by Alvy Ray Smith


Does the Moon Turn Upside Down Below the Equator?


Does the Moon Turn Upside Down Below the Equator?

Myth Memo 1, 21 Sep 2001

Abstract. Two commonly held beliefs about the equator are (1) that the moon phase appears upside down below the equator—using my Northern Hemisphere bias—and (2) that water spins down the drain in the opposite direction there too. The brief answer is that neither of these is true. I will deal with the moon myth here. The fluid vortex myth is treated on the web in several places rather well. The moon myth is a little bit harder to dispel. In fact, myth is perhaps too strong a word as you will see, because there are many cases where the moon does flip over, or approximately so. It’s just not generally true.

And here is the conclusion: The moon phase in general does not turn upside down when changing hemispheres, even if one is rather sloppy about the meaning of upside down—say, 180° plus or minus 20°. However, there are clear situations where the moon does turn upside down. In particular, if one watches long enough during a day, he will generally see an exact upside down for a short while. It is perhaps these situations that have been reported and repeated until the idea has taken root as a general “fact.”

I provide an intuitive argument and then back it up with hard data from the astronomy program Starry Night Pro.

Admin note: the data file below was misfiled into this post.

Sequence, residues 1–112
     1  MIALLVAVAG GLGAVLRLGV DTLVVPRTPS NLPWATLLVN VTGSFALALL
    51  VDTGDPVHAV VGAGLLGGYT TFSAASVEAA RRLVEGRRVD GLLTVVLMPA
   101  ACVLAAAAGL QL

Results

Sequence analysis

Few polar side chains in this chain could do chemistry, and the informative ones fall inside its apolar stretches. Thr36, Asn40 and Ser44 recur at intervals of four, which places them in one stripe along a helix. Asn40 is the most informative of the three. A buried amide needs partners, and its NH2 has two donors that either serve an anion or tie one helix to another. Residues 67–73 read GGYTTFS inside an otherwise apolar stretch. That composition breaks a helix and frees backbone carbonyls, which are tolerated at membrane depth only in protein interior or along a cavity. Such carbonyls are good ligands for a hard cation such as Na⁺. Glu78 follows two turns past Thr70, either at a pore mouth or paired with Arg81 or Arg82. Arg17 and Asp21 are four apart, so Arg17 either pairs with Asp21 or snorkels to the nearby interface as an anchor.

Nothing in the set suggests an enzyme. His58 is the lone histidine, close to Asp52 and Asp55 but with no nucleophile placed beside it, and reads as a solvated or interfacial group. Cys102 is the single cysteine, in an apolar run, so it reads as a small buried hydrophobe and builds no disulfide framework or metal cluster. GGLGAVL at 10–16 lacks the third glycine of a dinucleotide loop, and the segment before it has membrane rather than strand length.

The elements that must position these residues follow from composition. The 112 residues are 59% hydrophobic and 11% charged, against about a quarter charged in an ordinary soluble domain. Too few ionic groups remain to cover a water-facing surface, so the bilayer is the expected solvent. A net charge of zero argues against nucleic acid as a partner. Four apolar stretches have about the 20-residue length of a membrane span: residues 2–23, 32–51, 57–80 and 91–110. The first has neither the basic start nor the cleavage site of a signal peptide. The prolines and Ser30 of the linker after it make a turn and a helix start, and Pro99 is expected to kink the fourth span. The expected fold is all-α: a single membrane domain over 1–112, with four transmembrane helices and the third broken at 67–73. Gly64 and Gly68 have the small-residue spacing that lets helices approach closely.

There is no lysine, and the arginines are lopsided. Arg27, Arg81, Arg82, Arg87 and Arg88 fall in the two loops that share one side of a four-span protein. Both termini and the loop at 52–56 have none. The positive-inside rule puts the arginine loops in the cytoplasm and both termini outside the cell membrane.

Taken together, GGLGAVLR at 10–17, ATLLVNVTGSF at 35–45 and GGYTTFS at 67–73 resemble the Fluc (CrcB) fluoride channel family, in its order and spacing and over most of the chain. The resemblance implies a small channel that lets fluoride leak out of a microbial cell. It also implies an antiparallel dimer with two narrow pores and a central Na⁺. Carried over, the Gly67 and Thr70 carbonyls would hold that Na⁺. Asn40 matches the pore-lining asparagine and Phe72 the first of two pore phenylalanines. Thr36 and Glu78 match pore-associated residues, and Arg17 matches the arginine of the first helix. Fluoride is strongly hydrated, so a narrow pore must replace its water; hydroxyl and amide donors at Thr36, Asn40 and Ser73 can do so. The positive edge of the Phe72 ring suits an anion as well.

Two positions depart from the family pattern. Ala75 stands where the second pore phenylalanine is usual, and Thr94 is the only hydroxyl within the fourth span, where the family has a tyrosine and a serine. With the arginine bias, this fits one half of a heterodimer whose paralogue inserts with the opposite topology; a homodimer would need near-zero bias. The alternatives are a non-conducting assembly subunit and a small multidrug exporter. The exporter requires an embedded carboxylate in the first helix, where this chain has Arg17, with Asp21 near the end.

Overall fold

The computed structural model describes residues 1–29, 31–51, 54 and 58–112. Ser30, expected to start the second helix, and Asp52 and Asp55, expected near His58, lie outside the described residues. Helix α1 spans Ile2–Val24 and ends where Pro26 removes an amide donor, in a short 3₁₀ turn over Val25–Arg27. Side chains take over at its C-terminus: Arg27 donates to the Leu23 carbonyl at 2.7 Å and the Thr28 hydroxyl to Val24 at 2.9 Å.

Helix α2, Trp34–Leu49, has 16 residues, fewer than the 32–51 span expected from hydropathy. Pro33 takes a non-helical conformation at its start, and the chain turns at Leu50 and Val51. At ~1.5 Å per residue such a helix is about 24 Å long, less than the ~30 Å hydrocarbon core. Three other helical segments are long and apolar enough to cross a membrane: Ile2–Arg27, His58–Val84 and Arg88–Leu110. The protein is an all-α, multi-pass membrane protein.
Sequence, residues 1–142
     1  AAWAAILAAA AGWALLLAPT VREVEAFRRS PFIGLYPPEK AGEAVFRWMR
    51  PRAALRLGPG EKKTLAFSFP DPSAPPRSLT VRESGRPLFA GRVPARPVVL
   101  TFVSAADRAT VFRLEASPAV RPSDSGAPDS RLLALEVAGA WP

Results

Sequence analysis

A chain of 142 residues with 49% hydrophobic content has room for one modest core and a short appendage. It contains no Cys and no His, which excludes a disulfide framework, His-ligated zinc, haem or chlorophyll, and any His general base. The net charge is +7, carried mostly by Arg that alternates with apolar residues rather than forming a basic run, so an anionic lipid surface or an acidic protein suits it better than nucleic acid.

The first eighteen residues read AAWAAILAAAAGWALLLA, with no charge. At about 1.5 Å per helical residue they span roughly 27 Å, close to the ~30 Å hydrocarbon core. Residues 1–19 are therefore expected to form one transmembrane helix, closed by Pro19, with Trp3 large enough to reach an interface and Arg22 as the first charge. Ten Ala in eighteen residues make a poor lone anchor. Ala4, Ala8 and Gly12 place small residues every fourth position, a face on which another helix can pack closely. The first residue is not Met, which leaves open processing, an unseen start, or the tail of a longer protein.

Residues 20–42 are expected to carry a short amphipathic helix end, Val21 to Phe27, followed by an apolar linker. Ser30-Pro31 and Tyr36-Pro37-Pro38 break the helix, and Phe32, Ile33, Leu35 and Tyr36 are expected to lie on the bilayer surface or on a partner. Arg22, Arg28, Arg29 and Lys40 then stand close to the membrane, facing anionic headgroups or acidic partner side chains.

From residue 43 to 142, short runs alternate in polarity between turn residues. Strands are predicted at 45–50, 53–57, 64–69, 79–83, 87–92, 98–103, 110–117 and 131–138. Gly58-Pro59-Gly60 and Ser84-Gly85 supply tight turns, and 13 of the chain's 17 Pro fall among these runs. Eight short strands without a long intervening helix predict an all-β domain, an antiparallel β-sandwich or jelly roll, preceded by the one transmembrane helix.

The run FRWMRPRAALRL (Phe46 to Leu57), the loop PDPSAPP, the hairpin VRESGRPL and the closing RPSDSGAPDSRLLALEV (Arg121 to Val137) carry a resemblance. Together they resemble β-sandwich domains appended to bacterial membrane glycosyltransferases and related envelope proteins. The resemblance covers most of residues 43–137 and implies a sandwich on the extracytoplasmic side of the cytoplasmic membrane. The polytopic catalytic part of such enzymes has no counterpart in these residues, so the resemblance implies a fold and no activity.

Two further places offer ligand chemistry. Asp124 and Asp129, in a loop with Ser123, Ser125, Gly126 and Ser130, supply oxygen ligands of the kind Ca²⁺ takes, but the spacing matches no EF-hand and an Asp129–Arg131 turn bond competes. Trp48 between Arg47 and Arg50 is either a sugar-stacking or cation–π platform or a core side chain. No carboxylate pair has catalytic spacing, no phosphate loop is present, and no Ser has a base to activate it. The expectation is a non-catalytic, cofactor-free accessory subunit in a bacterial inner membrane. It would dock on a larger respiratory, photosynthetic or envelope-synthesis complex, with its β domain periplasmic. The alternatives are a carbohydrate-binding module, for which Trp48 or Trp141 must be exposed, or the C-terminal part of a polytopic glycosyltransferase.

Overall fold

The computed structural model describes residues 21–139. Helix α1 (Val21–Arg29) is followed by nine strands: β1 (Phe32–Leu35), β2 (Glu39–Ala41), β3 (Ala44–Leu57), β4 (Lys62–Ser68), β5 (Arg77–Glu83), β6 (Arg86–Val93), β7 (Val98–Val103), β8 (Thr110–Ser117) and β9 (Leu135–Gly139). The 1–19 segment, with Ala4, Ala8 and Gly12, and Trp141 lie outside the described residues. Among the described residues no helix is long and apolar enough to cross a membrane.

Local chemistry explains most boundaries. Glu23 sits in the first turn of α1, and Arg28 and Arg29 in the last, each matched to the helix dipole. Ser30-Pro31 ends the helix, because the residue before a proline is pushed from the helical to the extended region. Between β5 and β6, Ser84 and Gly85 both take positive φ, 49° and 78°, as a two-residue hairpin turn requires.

In case you are dying of curiosity, water goes down the drain in the direction of initial displacement, regardless of the hemisphere. There is a force, the Coriolis force, that in ideal circumstances, would force the vortex in opposite directions, but the ideal circumstances never occur except in very carefully controlled experiments—I think this care has been exercised only once or twice in history. Very large vortices are affected by this force. Hurricanes spin in opposite directions in the two hemispheres. A bathtub drain or a flushing toilet vortex are trivial in comparison and are, for all practical purposes unaffected by Coriolis. It is the direction the pipe is pointing, for example, that determines vortex direction, not the hemisphere. See, for example, for further details. My thought exercise for this one is this: Imagine standing at the equator with a bucket of water. Start it spinning. Now, while it is spinning, step across the equatorial line. Do you really imagine that the water would stop, change directions, and start spinning the other way? Of course not. It’s just a line.